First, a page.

2000s Archive

Remote Control

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Water is the other great mystery of Namibia. Terrain is classified as arid if it gets no more than 100 to 200 millimeters of rain a year. The Namib Desert gets less than 50 millimeters of rain annually, making it extreme even in the realm of desert climes. So everything has to adapt. Springbok survive by eating plants that store water in their leaves. Elephants, which survive on less food and saltier water and have smaller bodies, longer legs, and larger feet than elephants elsewhere in Africa, break their tusks digging up roots and bulbs. A local beetle, the tok-tokkie, rests on the west side of the dunes in the morning with its head facing downward. Droplets of fog condense on its back, then drip down its head and into its open mouth.

“If you came here during the summer,” advised my guide, Angula, “you’d never come back. It’s so hot—sometimes a hundred and twenty-five degrees Fahrenheit—and so windy, I would have to carry you and beg you to put clothes on.”

It’s not just the desert that’s forbidding here. Up north, where the Kunene River divides the mountains of northern Namibia from the even taller peaks of southern Angola, the landscape reminds me of Asian scroll paintings, with looming mountains on one side, rolling dunes on the other, and, way at the bottom, a winding river lined with a tiny ribbon of green. Studying this kind of art in Japan years ago, I learned one secret. The special something that holds the scene together is the human element—the bridge, the lantern, the artist contemplating nature. In this case, the human element is a collection of thatched cabins, built on stilts and huddled beneath a thicket of ana trees. This is Serra Cafema, the five-star tree house at the end of the world.

There’s little to do at Serra Cafema other than experience the inhospitable yet breathtaking terrain. Over several days, I slid down the banks of dunes on a four-wheel quad bike, hiked along mountain crests, and visited a nearby village. The Himba, one of the smallest of the dozen or so tribes that inhabit Namibia, are pastoral and build their dung huts in a circle around a livestock corral in order to protect their animals from hyenas and other predators. Women cover their bodies with a terra-cotta-colored mixture of red ocher and goat fat that moisturizes and protects their skin, which they wash as seldom as once a year.

Any hopes I had that I might enjoy a float down the river were quickly quashed by the presence of a gargantuan crocodile right outside my hut. Crocs are a deadly reality along the Kunene: One of the village women had been nicknamed Crocodile after being attacked while washing clothes; and a camp employee had lost her four-year-old daughter, who was seized by a crocodile while fetching water.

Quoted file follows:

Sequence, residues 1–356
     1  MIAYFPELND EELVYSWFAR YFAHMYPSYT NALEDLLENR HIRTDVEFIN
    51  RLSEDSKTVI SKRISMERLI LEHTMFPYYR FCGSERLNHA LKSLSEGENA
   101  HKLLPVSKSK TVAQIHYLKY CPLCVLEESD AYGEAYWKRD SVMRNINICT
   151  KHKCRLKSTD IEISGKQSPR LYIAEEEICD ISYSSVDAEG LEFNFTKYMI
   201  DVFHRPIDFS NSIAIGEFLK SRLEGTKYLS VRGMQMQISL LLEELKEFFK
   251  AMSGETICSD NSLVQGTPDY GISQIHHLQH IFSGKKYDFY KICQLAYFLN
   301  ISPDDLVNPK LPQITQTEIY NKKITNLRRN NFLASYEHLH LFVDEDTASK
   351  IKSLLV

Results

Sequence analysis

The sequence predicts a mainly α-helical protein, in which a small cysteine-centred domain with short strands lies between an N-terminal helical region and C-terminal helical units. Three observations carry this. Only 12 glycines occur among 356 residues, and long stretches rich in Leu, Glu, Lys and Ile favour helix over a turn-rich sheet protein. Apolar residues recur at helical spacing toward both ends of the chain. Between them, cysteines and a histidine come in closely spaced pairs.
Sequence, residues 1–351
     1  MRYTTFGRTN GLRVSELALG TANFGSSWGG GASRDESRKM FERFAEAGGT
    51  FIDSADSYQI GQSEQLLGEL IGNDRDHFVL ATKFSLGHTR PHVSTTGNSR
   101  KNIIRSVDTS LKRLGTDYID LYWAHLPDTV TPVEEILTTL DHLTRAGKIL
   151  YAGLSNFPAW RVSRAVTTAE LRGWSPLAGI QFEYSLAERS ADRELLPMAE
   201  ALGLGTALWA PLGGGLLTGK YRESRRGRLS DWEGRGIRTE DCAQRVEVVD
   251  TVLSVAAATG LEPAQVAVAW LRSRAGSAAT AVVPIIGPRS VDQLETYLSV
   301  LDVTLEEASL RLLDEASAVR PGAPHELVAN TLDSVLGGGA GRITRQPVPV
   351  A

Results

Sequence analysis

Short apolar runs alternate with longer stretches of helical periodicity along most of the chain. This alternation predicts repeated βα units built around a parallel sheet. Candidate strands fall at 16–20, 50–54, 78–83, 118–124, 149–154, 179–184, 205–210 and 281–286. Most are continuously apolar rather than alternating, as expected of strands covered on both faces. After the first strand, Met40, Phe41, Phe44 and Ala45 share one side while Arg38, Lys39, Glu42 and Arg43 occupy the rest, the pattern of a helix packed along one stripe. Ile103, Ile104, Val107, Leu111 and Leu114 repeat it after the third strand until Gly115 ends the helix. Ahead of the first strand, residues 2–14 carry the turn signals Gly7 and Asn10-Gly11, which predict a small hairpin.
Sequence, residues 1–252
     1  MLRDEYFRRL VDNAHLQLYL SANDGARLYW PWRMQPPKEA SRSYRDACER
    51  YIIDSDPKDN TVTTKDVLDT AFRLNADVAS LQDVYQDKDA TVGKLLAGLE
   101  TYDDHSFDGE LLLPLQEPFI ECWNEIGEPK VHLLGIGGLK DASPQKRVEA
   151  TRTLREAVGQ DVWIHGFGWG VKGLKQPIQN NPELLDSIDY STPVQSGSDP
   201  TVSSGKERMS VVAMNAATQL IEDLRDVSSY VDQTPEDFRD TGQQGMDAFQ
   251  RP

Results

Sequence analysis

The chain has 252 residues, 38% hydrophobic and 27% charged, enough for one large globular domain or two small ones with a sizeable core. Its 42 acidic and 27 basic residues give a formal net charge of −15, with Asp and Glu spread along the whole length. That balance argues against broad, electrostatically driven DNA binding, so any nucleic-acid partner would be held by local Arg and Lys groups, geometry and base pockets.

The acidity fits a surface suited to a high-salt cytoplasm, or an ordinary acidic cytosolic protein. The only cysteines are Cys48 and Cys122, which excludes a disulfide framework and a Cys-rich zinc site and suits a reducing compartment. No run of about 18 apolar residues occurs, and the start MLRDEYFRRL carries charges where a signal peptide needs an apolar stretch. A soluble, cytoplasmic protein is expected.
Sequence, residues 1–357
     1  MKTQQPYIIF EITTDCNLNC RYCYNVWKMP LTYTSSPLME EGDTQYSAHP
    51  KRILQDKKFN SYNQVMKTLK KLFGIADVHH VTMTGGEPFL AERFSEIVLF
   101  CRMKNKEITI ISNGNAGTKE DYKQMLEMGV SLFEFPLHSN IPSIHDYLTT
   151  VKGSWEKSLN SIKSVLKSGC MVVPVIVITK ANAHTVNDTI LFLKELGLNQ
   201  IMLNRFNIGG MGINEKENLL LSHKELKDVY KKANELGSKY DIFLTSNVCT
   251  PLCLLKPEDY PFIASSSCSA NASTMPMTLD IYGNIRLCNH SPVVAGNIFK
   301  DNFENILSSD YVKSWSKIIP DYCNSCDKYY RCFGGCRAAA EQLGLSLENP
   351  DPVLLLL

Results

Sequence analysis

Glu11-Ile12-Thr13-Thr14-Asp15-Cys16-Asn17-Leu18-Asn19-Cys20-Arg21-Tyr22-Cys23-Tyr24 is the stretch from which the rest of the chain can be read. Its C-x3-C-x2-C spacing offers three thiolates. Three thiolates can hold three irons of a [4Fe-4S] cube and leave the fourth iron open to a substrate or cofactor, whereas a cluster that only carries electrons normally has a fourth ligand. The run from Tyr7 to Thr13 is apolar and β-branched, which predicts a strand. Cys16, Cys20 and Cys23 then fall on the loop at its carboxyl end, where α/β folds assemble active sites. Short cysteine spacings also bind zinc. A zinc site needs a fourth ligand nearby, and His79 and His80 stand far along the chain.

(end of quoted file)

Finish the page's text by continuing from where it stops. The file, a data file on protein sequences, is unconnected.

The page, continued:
The stock-in-trade of the African luxury safari lodge seems to be this tension between living close to the wild and enjoying otherwise unattainable sumptuousness. Serra Cafema uses generators to run electricity and pump water to its showers and has a small pool where guests can swim without fear. Nearly all the food that arrives in a seemingly endless procession of meals—breakfast, morning tea, lunch, afternoon tea, sunset cocktails, dinner—is flown in. Local beef and oryx (a large antelope also called gemsbok) are accompanied by heavy, German-style sauces and sides, followed by bread pudding.

I asked the Namibian chef what he would cook if his president were to arrive for a visit. “Oryx fillet,” he said, “with a wine sauce. Like all game, oryx is leaner than beef. Plus, it’s on our coat of arms.”

On my last stop in the country, Etosha National Park, oryx were plentiful, along with many of the big five. In two days of game drives, we saw an extraordinary array of animals, including elephant, white rhino, eland, giraffe, the yellow-billed hornbill—a.k.a. the flying banana (Zazu in The Lion King)—the rare Hartmann’s mountain zebra, and 20 lions. One reason for the abundance: The rainy season had been an unusually generous one, and many animals, understanding that this meant their young had a better chance of survival, responded by mating more than once in the same year. We had stumbled into a rainy baby boom.

Our guide, Sunday, explained why the heavily built oryx—with zebralike stripes on its head, white legs, and long black horns—is the symbol of Namibia. First, he said, it can survive in the desert. Like the camel, the oryx can raise and lower its blood temperature to cool down its brain and can go for long periods without water. Second, because it is very brave. “Even humans have been killed by oryx.” And third: “Because it is very beautiful.”

Beautiful, brave, able to thrive in the desert. A perfect symbol of the country.

Namibia is extreme.

Which was exactly what I was thinking that morning on the balloon ride. As we lifted off at sunrise and climbed into the air above Sossusvlei, I was struck by the variations in starkness below—the impoverished riverbed, the endless vista of dunes on one side, the craggy mountains on the other.

But even though the balloon was supposed to stay over the riverbed and not venture above the dunes, a sudden gust sent us off course. Our pilot, Willem, attempted to steer us back, but we lost altitude rapidly and headed toward the crest of one of the dunes. “Hold onto the edge of the basket,” Willem instructed. “Bend your knees. If we tip over, try to fall backward.”

For a second, it seemed as though we were going to crash. The basket brushed the top of the dune, with its tufts of grass the color of sea oats. I held my breath.

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